Twitter Inc. has arguably been one of the biggest companies that have received drastic changes in merely a year. Recently, Elon Musk announced that Linda Yaccarino, NBCUniversal’s former head of advertising, will become Twitter’s new chief executive starting in six weeks. In this article, we’ll take a deeper look at Twitter’s transformation over the year, what this means for the business, how law firms come into play, and potential obstacles ahead. Due to this, we’ll begin with Elon Musk’s acquisition of Twitter for $44 bn in October 2022.
Elon Musk initiated the acquisition of Twitter on April 14, 2022, in which the deal closed on October 27, 2022. Situating the word ‘closing’ in a commercial law setting is particularly relevant, as closing is a distinct stage of a transaction where all the necessary actions, such as conditions precedents, have been satisfied. This could range anything from transferring ownership of assets to closing documents. Paying at a price of $54.20 per share in cash, Elon Musk took Twitter private at the cost of roughly $44 billion.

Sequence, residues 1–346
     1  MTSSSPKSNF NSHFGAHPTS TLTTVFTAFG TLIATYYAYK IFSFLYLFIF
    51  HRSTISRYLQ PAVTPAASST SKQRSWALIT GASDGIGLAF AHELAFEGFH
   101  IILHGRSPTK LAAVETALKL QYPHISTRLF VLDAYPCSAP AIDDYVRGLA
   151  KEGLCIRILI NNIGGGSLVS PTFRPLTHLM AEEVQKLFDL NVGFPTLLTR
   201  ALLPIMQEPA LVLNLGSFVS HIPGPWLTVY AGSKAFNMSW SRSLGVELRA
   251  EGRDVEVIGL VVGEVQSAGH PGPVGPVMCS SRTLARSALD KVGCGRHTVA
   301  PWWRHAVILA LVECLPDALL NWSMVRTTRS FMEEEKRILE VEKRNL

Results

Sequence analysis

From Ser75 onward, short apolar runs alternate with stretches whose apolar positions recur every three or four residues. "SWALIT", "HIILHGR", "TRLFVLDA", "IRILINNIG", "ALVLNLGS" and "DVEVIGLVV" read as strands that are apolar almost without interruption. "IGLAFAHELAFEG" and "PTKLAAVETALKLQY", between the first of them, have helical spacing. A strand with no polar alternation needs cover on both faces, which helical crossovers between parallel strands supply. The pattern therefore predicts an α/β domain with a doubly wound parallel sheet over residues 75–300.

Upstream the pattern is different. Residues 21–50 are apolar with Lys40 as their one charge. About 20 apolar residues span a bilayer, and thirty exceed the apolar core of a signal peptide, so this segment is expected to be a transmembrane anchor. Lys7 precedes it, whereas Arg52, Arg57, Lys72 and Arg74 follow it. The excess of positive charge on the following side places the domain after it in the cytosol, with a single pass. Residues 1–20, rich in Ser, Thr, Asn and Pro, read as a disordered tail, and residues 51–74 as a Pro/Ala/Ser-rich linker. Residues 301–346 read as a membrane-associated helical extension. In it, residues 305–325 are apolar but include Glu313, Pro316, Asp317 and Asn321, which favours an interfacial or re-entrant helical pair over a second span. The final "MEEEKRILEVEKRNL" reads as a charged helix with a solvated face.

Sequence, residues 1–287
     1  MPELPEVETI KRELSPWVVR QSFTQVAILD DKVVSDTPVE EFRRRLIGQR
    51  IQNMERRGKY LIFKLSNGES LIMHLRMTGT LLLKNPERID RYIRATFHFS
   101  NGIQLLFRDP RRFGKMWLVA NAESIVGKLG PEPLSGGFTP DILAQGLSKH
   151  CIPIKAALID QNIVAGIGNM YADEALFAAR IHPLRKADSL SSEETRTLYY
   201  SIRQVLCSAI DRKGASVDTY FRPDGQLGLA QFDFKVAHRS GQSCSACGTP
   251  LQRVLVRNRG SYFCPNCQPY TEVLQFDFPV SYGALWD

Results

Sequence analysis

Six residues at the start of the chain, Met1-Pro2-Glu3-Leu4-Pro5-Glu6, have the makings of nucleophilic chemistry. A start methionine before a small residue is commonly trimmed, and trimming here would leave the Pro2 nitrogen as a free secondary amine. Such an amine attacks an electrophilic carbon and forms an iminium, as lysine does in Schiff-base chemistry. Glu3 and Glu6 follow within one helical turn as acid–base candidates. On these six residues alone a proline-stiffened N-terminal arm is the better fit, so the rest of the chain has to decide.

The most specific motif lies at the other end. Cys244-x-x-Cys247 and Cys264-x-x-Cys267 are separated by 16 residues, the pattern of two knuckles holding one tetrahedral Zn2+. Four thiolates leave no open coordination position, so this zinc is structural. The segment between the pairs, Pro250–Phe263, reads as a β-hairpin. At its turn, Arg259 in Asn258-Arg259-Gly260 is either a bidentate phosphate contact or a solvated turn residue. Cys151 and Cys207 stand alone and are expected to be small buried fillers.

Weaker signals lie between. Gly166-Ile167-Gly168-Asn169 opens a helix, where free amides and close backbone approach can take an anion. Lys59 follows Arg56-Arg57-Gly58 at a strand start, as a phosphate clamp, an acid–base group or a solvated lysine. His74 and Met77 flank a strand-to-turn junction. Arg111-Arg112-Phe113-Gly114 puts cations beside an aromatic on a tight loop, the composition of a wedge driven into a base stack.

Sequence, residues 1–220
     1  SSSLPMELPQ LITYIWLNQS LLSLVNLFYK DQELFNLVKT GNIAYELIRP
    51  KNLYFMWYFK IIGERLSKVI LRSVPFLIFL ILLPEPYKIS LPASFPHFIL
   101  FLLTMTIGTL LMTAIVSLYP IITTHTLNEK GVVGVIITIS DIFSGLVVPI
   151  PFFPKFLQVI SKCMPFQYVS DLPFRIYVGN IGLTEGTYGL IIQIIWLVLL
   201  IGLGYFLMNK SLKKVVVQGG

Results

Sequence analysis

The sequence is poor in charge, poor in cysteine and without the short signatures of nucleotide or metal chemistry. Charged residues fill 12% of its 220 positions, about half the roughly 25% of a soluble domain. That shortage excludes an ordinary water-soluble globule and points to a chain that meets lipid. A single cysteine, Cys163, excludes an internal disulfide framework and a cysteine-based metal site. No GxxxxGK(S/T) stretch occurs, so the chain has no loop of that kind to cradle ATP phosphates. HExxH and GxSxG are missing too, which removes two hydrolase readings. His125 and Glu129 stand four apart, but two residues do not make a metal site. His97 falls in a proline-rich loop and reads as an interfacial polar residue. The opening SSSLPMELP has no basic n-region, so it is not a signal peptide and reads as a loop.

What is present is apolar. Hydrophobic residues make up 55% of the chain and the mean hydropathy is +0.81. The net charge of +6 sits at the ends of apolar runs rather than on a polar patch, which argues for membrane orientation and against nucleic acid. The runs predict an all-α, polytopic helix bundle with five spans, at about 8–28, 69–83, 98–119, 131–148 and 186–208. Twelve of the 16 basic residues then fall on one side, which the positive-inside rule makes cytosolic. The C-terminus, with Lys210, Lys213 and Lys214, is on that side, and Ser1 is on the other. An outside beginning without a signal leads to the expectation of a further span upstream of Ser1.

But purchasing a company at this price is no easy task, which begs the question of financing. Using a mixture of debt and equity financing, Musk utilised $13 bank loans, including Morgan Stanley and Bank of America, alongside a portion of Tesla shares, personal cash, his own Twitter stake, and equity investors, including Oracle Corp co-founder Larry Ellison and Saudi Prince Alwaleed bin Talal.
Through this, we arrive at two of the typically biggest revenue generators for corporate law firms: their M&A and Finance departments. In a simple example of Musk’s takeover, undoubtedly, the law firm responsible (in this case, Skadden) would have had lawyers involved in the drafting and negotiation of the share purchase agreement, one of the primary documents involved in a transaction. Other key documents the finance department would have helped, for instance, would be drafting and negotiating documents such as loan agreements for the debt financing portion.